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Pompeo Again Slams Chinese ‘Aggression,’ Says US Is Committed to SE Asia

United States Secretary of State Mike Pompeo on Friday reaffirmed Washington’s commitment to Southeast Asia and accused China of “aggression” in the South China Sea and manipulating the flow of the Mekong River in a time of drought. Touting U.S. investment in the region and support for the COVID-19 response of the Association of the Southeast Asian Nations (ASEAN), Pompeo said Washington will speak out in the face of China’s “threats to sovereign nations’ ability to make free choices.” “We stand with our ASEAN partners as we insist on the rule of law and respect for sovereignty in the South China Sea, where Beijing has pursued aggressive campaigns of coercion and environmental devastation,” Pompeo said in a statement released during a summit of top ASEAN diplomats held online this week and hosted by Vietnam. The top U.S. diplomat accused China of exacerbating the drought in nations downstream on the Mekong River. “We stand for transparency and respect in the Mekong region, where the CCP [Chinese Communist party] has abetted arms and narcotics trafficking and unilaterally manipulated upstream dams, exacerbating an historic drought,” Pompeo said. His statement did not provide evidence to support the allegation of the CCP aiding weapons and drugs smuggling. Laos, Thailand, Cambodia and Vietnam have been grappling with variable water flow on the Mekong that supports the livelihoods of tens of millions of people. While poor rains have caused the drought, environmentalists say dams that China has constructed on the upper reaches of the river have worsened the situation. Rising tensions Pompeo’s rhetoric underscores the rapid deterioration in U.S.-China relations on a raft of issues in recent months, including trade, the status of Hong Kong, the plight of Uyghur Muslims and China’s assertion of “historic rights” to most of the disputed South China Sea. On Thursday, Pompeo had urged Southeast Asian countries to reconsider business deals with the 24 Chinese companies that Washington sanctioned last month for their roles in constructing Beijing’s artificial islands in the South China Sea. In recent years, Beijing has undertaken major reclamation of disputed land features in the Paracel and Spratly island chains. ASEAN nations Brunei, Malaysia and the Philippines also have territorial claims in the South China Sea and seek to use resources in areas that China claims for itself. Beijing further claims parts of that sea overlapping the exclusive economic zone of Indonesia, the largest ASEAN member. For its part, Beijing this week accused the U.S. of interference in the region’s affairs. On Wednesday, Foreign Minister Wang Yi called the U.S. the “biggest driver of militarization of the South China Sea,” Chinese media reported. “The United States is becoming the most dangerous factor damaging peace in the South China Sea,” Wang said at the East Asia Summit Foreign Ministers’ Meeting. Southeast Asian nations are uneasy about being caught in the war of words between the U.S. and China. In the ASEAN joint communique made public on Thursday, the bloc, which operates by consensus, expressed concern over increased tensions in the South China Sea and called for resolution of disputes in accordance with the U.N. Convention on the Law of the Sea, or UNCLOS. A day before that, Indonesian Foreign Minister Retno Marsudi told reporters that the group’s countries did not want to “get caught up in the rivalry between major powers.” Vietnam, too, said on Wednesday that the dispute threatens regional stability and that countries should settle the acrimonious row by adhering to international law, including the 1982 UNCLOS. While Friday’s toughly worded statement from the U.S. was issued by Pompeo, the State Department public schedule showed that his deputy, Stephen Biegun, was the leading U.S. delegate at the ASEAN virtual meetings that day. Pompeo was traveling to the Middle East to attend the opening of Afghan peace talks. The ASEAN summit ends Saturday after the ASEAN Regional Forum on peace and security.  The 27-member forum includes 10 ASEAN states, India, Japan, China, the U.S., Russia and the European Union. Reported by BenarNews, an RFA-affiliated online news service.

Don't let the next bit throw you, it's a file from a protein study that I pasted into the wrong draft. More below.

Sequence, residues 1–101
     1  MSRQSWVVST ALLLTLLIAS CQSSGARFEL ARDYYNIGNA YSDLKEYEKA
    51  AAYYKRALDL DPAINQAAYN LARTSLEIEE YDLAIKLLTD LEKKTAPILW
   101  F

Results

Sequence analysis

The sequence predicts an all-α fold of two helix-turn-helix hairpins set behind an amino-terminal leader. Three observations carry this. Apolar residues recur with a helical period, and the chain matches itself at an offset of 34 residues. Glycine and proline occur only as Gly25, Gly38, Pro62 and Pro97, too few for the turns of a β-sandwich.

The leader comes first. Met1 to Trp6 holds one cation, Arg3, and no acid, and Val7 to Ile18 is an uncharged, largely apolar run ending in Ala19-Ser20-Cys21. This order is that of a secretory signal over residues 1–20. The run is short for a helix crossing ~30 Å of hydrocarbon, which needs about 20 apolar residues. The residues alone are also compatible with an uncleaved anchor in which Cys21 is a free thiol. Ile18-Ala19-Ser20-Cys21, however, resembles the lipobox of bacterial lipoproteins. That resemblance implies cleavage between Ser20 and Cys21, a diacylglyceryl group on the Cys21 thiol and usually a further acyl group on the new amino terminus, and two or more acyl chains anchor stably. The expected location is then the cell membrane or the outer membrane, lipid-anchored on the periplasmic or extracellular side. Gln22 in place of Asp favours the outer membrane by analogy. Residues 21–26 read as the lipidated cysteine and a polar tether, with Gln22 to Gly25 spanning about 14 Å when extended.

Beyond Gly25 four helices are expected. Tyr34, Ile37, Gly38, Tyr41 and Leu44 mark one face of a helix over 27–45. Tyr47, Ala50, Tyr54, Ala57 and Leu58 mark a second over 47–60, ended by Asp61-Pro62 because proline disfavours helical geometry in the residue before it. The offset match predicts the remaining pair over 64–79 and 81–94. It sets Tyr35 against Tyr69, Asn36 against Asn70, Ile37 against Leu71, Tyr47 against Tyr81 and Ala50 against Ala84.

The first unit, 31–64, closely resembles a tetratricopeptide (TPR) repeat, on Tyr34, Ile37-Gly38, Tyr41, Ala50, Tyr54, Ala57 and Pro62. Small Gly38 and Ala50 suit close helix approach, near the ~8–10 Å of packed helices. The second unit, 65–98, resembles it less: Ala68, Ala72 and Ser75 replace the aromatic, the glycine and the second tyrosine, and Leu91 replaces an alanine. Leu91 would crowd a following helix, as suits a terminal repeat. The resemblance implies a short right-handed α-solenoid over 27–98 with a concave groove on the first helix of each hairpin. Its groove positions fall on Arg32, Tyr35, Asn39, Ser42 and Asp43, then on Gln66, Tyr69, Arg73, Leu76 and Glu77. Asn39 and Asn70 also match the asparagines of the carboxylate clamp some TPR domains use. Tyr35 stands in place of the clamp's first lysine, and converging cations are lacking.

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Sinabung volcano erupts again just hours after twin M6.8 and M6.9 quakes hit off the coast of Sumatra, Indonesia – M6.6 earthquake the day before in Malaysia

Continue Reading Sinabung volcano erupts again just hours after twin M6.8 and M6.9 quakes hit off the coast of Sumatra, Indonesia – M6.6 earthquake the day before in Malaysia